Conduct Two-year Personnel Exchanges
Government employees who have never had to write a proposal or deliver products and services in the commercial world often think contractors are “out to take the Government for a ride.” Commercial employees who have never had to deal with the overwhelming weight of paperwork and bureaucracy often think Government employees are “drones.” My experience is both are wrong. Both groups want to do a good job within the constraints of their environment. Let’s exchange many employees so that both sides can have a better understanding of each other. This will make the acquisition process easier and the subsequent delivery of services less confrontational.
Jaime Gracia commented
Implementation may be difficult, but there is definitely a need for training on how government does business for industry, and especially how industry conducts business for government. DAU has some training for government personnel, but it is woefully inadequate.
Don Arnold commented
Two years may be excessive and inhibit career progression. Even a 3-month stint in an active proposal shop would be eye-opening for govt acquisition personnel who have never spent time in industry. And vice-versa. But it would be hard for Govt to bring in an industry "intern" for a few months without COI-ing the company...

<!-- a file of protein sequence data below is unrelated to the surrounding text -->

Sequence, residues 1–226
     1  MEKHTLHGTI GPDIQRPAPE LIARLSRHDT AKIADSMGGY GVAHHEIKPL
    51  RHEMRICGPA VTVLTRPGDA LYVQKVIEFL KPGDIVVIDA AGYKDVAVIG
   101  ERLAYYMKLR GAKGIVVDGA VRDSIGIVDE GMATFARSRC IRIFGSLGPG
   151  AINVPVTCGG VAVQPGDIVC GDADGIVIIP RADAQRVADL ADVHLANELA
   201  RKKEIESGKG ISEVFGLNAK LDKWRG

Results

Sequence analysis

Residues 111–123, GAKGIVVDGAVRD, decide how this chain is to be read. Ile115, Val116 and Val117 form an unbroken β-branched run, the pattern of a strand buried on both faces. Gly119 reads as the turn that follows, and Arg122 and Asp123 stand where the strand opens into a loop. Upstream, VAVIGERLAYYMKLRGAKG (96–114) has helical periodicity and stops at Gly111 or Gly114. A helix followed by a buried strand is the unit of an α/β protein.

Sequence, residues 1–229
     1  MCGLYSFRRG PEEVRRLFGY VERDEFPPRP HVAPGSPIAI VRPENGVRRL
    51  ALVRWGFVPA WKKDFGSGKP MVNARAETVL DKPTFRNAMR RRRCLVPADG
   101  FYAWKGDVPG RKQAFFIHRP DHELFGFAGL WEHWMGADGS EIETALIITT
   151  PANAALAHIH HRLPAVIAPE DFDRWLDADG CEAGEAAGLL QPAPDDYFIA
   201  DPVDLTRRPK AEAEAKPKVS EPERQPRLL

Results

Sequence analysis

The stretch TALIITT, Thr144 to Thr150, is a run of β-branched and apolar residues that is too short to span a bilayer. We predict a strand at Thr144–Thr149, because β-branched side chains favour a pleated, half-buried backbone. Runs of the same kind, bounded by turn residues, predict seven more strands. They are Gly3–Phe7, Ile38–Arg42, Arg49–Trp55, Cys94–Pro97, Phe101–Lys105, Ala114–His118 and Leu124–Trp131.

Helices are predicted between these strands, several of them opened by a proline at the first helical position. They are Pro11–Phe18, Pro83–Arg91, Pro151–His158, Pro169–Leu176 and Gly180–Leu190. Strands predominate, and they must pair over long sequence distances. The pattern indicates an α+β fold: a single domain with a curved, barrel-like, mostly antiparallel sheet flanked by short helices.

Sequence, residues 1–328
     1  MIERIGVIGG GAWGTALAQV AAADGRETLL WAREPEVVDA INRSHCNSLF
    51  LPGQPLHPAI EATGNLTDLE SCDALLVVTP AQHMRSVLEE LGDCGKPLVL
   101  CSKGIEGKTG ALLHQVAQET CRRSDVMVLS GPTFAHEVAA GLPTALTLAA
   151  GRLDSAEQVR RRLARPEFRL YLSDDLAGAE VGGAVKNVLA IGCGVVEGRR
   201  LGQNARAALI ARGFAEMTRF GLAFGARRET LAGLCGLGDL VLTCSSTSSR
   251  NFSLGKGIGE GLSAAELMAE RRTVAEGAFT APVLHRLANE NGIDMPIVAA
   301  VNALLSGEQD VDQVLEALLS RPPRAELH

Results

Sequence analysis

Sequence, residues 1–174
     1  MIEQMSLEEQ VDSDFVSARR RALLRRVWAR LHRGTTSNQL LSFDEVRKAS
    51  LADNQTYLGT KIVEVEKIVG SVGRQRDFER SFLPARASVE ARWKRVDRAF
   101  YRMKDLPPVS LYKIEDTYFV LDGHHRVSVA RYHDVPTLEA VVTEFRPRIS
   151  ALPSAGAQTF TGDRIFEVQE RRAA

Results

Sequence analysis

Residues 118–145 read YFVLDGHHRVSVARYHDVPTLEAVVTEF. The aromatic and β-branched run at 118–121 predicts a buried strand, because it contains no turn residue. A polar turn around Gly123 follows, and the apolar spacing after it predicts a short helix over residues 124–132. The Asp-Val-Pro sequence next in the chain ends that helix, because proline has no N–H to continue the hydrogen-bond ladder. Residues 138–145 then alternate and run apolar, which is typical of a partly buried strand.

Cindy Brockwell commented
I would also like to see a significant increase in this type of exchange. This can partly occur with enhanced dialog with industry on active procurements...many times, I've helped government folks and as a consultant it was acceptable...not so much as a "contractor". Industry has so much more exposure to "current events" than government people stuck in their offices all day. As a former Procurement Analyst and CS I can attest to just how little you really know "behind the curtain". Industry might also estabish a mentoring program if it would be acceptable to government decision makers and not preclude us from bidding on opportunities within that particular agency. The ACT IAC Partners program had an exercise last year that shed a lot of light on just how differently the government sees industry "capture efforts" and why they are needed. Not sure if related, but the OMB Mythbusters program appeared on the scene shortly after. Not only are the requirements and demands on vendors not really "known" but the business of doing business isn't always a strength of government contracting specialists and officers.